Drugs not the biggest substance abuse danger for schoolkids

1 Mar 2018

University of Queensland researcher Dr Andrew Smirnov, from the School of Public Health, shares his opinion about drugs in schools with ABC News online.

The extreme nature of the recent overdose among a group of students at a Gold Coast private school should not distract from a far bigger problem — that of general substance use among school-aged children.

The overdoses were a cause for concern, but should also be placed in the context of everyday risks for young people.

Police have said they were inquiring into whether the Gold Coast students sourced their drugs from the internet.

Monitoring of internet usage and restriction of internet supply of drugs is unquestionably important. However, it will never completely stop young people obtaining dangerous synthetic drugs, for the same reason that restrictions on alcohol supply will not stamp out underage alcohol use.

We cannot properly address adolescent drug use without a better understanding of why these young people are seeking drugs in the first place.

It's clear we need to reduce the demand for alcohol and other drugs in this age group, with well-informed early intervention.

However, we know surprisingly little in Australia about adolescent beliefs and attitudes relating to substance use, or about generational changes in these belief and attitudes.

What drugs do kids use?

Alcohol is the most common drug misused by school-aged children. Among Australian children aged 12 to 17 years, nearly one in 10 boys consume alcohol at levels that put them at risk during a 12-month period. Girls are not far behind, with an estimated 7 per cent engaging in these drinking patterns.

According to the 2016 National Drug Strategy Household Survey, by 19 years of age about one in five Australians (males: 23 per cent, females: 21 per cent) have tried an illicit drug, most commonly cannabis. For 12- to 17-year-olds, the figures are 14 per cent for boys and 12 per cent for girls.

Rates of drug use escalate approaching school-leaving age, and after entry to university and apprenticeships. The average age of first drug use is 19.8 years.

Opportunities to use drugs increase dramatically with involvement in a greater variety of social settings as kids get older. Alongside opportunity comes direct observation of drug use behaviour in these settings, and some information (of varying quality) about drug effects.

By and large, among high school children who try drugs, patterns of use are experimental, infrequent and haphazard. They have little experience or knowledge to drive their actions. Few of their peers are using and they have limited opportunities to use.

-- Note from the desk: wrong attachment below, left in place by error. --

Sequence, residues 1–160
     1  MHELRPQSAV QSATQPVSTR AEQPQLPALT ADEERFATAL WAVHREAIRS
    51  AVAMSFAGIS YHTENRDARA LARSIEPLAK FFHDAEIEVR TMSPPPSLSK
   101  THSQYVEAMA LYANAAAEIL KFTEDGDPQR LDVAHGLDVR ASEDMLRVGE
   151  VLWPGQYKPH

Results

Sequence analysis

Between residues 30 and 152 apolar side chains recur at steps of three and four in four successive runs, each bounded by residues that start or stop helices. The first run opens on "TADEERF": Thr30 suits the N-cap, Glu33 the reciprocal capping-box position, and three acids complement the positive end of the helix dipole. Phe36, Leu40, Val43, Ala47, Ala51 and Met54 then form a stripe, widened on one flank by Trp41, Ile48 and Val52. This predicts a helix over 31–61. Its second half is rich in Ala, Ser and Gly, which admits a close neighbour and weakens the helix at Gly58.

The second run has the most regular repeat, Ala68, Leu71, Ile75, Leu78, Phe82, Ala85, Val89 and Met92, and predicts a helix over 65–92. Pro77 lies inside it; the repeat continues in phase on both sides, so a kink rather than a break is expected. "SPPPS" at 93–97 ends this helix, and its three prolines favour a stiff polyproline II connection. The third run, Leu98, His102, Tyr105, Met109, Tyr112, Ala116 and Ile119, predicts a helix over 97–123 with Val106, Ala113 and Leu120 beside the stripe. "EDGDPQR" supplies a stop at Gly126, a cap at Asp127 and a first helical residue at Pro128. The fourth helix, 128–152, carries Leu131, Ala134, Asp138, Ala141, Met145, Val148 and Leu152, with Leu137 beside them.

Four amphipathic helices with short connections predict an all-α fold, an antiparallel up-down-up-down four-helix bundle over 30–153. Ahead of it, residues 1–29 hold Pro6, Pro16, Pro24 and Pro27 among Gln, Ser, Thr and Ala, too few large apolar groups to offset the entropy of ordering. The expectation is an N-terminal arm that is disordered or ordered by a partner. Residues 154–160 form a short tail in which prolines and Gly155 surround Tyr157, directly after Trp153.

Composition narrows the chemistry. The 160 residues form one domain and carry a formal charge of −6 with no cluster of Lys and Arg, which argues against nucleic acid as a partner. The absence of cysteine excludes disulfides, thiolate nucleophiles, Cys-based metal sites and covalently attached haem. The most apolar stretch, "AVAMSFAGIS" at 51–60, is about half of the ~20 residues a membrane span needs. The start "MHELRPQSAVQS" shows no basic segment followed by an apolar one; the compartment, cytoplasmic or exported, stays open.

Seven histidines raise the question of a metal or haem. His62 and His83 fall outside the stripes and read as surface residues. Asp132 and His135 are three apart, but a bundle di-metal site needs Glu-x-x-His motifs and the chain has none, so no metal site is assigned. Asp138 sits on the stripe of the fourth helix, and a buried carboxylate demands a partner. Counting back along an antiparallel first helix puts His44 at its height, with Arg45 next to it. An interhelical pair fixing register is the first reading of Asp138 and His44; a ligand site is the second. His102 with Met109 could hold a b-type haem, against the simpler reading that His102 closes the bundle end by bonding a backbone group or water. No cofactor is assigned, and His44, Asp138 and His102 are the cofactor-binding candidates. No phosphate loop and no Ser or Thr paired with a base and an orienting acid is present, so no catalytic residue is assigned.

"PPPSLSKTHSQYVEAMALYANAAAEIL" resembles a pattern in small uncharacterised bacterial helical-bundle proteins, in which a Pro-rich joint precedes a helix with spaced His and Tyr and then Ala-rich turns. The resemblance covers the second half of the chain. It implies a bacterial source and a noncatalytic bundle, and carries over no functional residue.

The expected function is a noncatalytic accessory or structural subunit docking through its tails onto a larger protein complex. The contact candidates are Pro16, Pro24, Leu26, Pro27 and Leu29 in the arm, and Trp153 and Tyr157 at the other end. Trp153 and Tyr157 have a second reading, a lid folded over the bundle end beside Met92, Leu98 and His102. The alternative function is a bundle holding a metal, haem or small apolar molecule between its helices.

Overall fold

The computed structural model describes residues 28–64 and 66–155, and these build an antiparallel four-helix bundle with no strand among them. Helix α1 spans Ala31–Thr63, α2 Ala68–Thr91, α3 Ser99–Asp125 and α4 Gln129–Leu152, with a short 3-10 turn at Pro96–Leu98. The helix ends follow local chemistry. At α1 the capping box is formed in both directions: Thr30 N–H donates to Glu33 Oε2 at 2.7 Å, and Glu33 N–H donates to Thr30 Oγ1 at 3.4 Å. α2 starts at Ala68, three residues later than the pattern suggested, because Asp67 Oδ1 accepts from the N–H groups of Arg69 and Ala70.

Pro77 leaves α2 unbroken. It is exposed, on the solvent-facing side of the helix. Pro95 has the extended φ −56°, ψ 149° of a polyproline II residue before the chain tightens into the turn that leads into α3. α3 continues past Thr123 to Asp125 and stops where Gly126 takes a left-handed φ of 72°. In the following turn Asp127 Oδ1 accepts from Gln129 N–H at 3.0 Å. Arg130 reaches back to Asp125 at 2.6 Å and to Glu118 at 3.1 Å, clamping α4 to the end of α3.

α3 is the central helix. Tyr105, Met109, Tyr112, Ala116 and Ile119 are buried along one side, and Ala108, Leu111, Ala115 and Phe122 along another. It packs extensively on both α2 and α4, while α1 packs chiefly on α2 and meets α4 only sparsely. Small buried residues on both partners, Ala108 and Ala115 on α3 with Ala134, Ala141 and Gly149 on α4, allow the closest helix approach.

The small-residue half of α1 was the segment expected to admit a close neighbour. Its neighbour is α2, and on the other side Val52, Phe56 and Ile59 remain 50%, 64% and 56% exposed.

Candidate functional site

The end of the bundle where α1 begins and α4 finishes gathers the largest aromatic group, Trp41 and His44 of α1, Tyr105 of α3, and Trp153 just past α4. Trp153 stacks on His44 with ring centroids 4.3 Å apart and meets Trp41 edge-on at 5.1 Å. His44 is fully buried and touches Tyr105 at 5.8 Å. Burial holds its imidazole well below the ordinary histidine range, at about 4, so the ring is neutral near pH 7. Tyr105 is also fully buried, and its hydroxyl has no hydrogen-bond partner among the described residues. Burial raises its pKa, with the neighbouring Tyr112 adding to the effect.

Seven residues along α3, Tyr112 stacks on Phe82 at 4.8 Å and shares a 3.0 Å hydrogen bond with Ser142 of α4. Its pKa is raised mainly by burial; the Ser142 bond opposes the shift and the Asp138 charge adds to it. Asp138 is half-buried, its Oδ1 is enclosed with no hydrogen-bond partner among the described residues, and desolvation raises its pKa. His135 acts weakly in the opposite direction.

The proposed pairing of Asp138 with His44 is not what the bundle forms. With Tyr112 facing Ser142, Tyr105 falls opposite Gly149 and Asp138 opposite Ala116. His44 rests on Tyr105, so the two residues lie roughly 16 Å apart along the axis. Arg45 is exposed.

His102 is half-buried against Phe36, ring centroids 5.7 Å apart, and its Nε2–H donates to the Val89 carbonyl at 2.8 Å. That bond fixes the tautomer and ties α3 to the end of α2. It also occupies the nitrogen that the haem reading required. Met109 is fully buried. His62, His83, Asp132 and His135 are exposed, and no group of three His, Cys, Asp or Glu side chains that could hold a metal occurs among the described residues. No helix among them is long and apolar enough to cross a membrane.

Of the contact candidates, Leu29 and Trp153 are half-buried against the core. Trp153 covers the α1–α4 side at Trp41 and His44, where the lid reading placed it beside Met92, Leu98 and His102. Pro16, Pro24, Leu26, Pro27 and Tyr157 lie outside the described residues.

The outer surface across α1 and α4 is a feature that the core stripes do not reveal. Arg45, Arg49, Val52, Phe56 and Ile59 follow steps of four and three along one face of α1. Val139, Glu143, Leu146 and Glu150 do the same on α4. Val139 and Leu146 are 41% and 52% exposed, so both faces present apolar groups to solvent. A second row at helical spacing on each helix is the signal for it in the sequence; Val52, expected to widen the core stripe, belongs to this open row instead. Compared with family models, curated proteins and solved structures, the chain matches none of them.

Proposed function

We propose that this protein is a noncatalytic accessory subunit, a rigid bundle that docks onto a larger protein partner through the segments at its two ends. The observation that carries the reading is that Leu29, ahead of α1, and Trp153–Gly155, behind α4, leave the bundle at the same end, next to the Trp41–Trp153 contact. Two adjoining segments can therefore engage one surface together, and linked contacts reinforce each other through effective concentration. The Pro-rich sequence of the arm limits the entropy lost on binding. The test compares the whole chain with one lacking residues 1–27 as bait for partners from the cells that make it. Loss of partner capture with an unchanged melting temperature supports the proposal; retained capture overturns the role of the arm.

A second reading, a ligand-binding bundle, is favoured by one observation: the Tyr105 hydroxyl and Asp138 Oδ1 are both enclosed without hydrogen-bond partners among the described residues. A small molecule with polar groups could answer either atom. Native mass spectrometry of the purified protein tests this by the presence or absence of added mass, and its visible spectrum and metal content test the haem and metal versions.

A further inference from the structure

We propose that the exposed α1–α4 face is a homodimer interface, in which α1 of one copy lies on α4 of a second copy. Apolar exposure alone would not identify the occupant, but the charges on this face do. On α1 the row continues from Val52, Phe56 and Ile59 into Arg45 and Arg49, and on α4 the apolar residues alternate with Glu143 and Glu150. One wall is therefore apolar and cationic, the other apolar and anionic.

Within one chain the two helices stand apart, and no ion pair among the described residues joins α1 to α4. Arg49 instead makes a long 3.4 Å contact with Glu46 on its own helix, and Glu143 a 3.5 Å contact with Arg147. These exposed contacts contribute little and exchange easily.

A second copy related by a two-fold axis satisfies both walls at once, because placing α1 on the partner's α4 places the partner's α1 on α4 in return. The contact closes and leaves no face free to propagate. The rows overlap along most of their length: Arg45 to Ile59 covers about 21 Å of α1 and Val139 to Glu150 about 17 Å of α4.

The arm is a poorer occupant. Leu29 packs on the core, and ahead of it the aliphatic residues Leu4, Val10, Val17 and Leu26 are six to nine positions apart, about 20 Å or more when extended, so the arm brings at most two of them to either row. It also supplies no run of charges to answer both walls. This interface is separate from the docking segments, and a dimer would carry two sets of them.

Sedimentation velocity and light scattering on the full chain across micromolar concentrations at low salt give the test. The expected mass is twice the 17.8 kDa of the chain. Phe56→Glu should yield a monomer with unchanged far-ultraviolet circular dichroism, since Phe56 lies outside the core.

However, the curiosity to try different things occurs from a young age, and those in early to mid-adolescence are susceptible to peer influence.

Among 12- to 17-year-olds who have tried an illicit drug, the leading reason they give is "because they wanted to know what it was like/curiosity" (62 per cent) followed by "friends/family members were using or offered the drug" (45 per cent).

The latter reason — the social opportunity to use drugs — does not appear as relevant to the recent high school incident.

Buying drugs online

Sourcing drugs from the internet bypasses the need for social contacts with drug users.

Access to the internet, including the dark net, bridges the gap between curiosity and action. "Normal" patterns of learning about and obtaining drugs can be bypassed. Consequently, adolescents may experiment with drugs they know little about.

Drugs sourced over the internet pose unique levels of risk because there is a disconnect between the buyer and seller and greater uncertainty about what the drugs contain. Information provided on the internet is unreliable.

Some drugs sold through the dark net are developed to imitate popular illicit drugs such as cannabis or ecstasy, but tend to be far more dangerous.

The unprecedented amount of time boys and girls spend on the internet brings novel risks and challenges. Internet sources have the potential to change patterns of drug use initiation for some adolescents.


Why did this happen?

The Gold Coast incident begs the question, why did these kids try a drug they knew little about? The only way to know for sure is from the boys themselves, but prior research provides some clues.

The drug they obtained (Phenibut) has some reputation for being a "smart drug" and has also been used recreationally to reduce social inhibition. It is unclear how the boys heard about the drug, but in most cases drug information comes from the same source as the drug itself; in this case an unknown entity in cyberspace.

At the same time, however, the boys' behaviour shares important characteristics with more common forms of adolescent substance use.

For children in early- or mid-adolescence, drug use is not only a product of curiosity and risk-taking, but also susceptibility to an external influence or stressor — whether at school, at home or in the neighbourhood.

In other words, some key factors that likely motivated the boys also influence the more common patterns of adolescent drug use.

Research in the US shows that changes in young people's beliefs about drugs predict subsequent changes in patterns of drug use. This is a valuable policy resource.

It is important to know more about these topics in Australia, firstly because alcohol and drug use is more dangerous at this age than any other, and secondly, policy responses may be ill-conceived in the absence of this knowledge.

It is time the grown-ups listened to the kids, rather than assuming they know best.

Andrew Smirnov is deputy director of the Queensland Alcohol and Drug Research Centre in the University of Queensland School of Public Health.

This article has been republished with permission from ABC Online. Read the original article here